Elena Greene grew up reading anything she could lay her hands on, including her mother's Georgette Heyer novels. She also enjoyed writing but decided to pursue a more practical career in software engineering. Fate intervened when she was sent on a three year international assignment to England, where she was inspired to start writing romances set in the Regency. Her books have won the National Readers' Choice Award, the Desert Rose Golden Quill and the Colorado Romance Writers' Award of Excellence. Her Super Regency, LADY DEARING'S MASQUERADE, won RT Book Club's award for Best Regency Romance of 2005 and made the Kindle Top 100 list in 2011. When not writing, Elena enjoys swimming, cooking, meditation, playing the piano, volunteer work and craft projects. She lives in upstate New York with her two daughters and more yarn, wire and beads than she would like to admit.
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24 Responses to Gateway Regencies

  1. Lois says:

    Well. . . when I started reading romances, I started with Sandra Brown. A couple books later, I was looking around the teeny tiny college bookstore, I picked up Lady Sophia’s Lover by Lisa Kleypas, and rather liked it. And it fed my long time love of England. πŸ˜‰ So, I got the only other one they had. . . then I got my first anthology type book, Christina Dodd and Connie Brockway’s Once Upon a Pillow, a story about following this antique bed during four time periods, one is today. After I finished that, I started thinking, you know, I thinked I liked the historical ones more.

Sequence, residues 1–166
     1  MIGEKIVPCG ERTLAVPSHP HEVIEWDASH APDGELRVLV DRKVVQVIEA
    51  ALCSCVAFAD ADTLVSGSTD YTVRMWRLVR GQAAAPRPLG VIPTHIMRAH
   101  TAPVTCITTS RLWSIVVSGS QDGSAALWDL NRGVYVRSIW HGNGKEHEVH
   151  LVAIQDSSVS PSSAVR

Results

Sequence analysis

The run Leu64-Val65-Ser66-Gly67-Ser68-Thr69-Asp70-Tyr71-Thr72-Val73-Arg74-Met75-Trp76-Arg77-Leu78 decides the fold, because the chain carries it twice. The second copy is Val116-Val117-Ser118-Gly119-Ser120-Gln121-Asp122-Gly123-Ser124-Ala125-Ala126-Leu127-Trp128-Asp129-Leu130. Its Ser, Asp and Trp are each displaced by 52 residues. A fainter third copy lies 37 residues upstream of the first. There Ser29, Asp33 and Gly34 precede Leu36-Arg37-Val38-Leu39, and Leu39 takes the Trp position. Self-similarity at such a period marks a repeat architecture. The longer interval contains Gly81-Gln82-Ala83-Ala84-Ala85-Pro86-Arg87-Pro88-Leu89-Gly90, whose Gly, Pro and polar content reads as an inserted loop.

Okay, so I started going to real bookstores (like I said, college bookstore – teeny tiny), and I started really getting the other Sandra Brown and Lisa Kleypas books. Then I started looking on the internet, adding to those authors. . . but it took me a little while to realize that the historical English focused books were leaning towards one period, something I never heard of before, the Regency. Read up a bit on that, and then, I gravitated to that by the loadful (invented word? LOL And still got plenty of contemporaries as well).